If this isn't the best place to ask this please point me to the appropriate group.
There are so many programs in the bowels of XP that are constantly accessing or being accessed by the internet it worries me. I would like to know which programs are doing this. Is there a free (or cheap) program that logs all these exchanges with the identity of the program on my computer that's involved with the exchange?
you need a firewall that performs logging. mine (Norton NIS) allows rules to Permit,Deny, & Monitor. The Monitor rules says 'log the contact and continue with the next rule'
when investigating web access, I enable the rule that says monitor all outbound ports remote ports 80,443,8080,8081,110,143,25 tcp there's more than enough to keep you reading ...
the connection log looks like you'll not only see things you expect:
http(80). download.microsoft.com(220.127.116.11): http(80). mail.adelphia.net(18.104.22.168): pop3(110). 22.214.171.124: domain(53). up also the tracking and cookie stuff: img.microsoft.com(126.96.36.199): http(80). red.as-us.falkag.net(188.8.131.52): http(80). ziffdavisglobal.112.2o7.net(184.108.40.206): http(80).
the firewall logs programs Remote address,service is(mail.adelphia.net(220.127.116.11),pop3(110)). Process "C:\\Program Files\\Common Files\\SymantecShared\\ccApp.exe". Remote address,service is (18.104.22.168,domain(53)). Process name is "C:\\Program Files\\Mozilla Firefox\\firefox.exe".
type "netstat -a -o" (don't type the "") the output will show a number of columns, "local address" "foreign address" etc. Look at the one headed "PID". Now, open XP's Task Manager, click on the Processes tab. Then, click on View - Slect Columns and select PID (process identifier). Comparing at the PID from the netstat output with the PID from Task Manager you can see which executable is being used for each connection.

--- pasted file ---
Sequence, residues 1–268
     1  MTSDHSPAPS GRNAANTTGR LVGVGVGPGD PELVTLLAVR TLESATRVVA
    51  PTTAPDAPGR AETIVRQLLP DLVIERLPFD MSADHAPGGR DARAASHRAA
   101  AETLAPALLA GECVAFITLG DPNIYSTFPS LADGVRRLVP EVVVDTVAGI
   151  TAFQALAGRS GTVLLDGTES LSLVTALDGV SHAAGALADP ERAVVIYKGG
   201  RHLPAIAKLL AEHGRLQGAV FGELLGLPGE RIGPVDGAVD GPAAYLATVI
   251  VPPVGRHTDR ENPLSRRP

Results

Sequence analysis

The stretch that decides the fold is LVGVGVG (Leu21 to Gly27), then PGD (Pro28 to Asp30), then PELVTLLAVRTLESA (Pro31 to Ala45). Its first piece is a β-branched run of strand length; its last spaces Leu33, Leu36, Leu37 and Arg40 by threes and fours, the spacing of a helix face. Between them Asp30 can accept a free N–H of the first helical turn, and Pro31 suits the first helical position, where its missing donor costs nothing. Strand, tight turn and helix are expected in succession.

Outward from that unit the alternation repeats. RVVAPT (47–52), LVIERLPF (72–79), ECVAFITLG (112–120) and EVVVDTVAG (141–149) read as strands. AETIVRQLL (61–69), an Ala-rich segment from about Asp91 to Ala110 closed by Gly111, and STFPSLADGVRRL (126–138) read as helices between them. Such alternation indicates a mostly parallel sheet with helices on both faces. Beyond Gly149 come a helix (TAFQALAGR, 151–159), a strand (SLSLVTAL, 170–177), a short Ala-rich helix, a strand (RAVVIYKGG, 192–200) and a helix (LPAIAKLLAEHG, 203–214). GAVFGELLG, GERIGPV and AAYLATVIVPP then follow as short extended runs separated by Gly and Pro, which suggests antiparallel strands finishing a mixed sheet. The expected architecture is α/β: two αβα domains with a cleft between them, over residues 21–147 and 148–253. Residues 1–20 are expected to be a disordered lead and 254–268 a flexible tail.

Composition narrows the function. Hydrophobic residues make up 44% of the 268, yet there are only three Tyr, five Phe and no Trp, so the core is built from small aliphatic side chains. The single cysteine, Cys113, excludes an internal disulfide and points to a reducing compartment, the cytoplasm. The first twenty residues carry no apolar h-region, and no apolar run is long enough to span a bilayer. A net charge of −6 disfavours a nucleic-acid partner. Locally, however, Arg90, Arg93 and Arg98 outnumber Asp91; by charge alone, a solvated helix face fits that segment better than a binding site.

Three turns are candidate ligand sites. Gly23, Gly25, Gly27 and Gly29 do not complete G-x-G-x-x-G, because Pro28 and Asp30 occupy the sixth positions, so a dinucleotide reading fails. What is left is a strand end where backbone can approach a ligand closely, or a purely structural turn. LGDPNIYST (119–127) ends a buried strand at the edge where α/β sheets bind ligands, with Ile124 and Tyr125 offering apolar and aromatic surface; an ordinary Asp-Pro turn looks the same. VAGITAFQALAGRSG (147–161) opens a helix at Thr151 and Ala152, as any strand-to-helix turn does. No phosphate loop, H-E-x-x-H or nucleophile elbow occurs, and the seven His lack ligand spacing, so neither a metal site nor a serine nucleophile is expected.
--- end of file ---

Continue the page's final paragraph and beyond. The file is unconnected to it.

Download a freeware program called Active Ports from
"Overview Port Reporter logs TCP and UDP port activity on a local Windows system. Port Reporter is a small application that runs as a service on Windows 2000, Windows XP, and Windows Server 2003.
On Windows XP and Windows Server 2003 this service is able to log which ports are used, which process is using the port, if the process is a service, which modules the process has loaded and which user account is running the process."
0792 Internet Control Message Protocol. J. Postel. Sep-01-1981. (Format: TXT=30404 bytes) (Obsoletes RFC0777) (Updated by RFC0950) (Also STD0005) (Status: STANDARD)
There's nothing to "track". ICMP has a number of possibilities, but it boils down to "ping" (ICMP type 8 requests, type 0 reply), and "error" messages (ICMP type 3 - "Destination Unreachable" and ICMP type 11 - "Time Exceeded" used by TRACERT.EXE or the original "traceroute"). The ICMP type 5 (Redirect) is so easily abused as a "Denial Of Service" ploy that nearly all operating systems ignore it.
ICMP does not use port numbers (the numbers your toy firewall shows as source and destination port numbers are actually the "ICMP type" and "ICMP code" values).
If you see an ICMP error packet, it has enough information inside the packet for your computer to understand. You try to connect to some idiot's web page and mis-type the hostname - and this other host isn't running a web server. It will send back an ICMP packet that says "you said 'connect to the web server here' but there is no web server". Or maybe there is no host - a router will send back a similar "you said 'connect to the web server at MUMBLE.FUMBLE.FOO' but I can't find that host".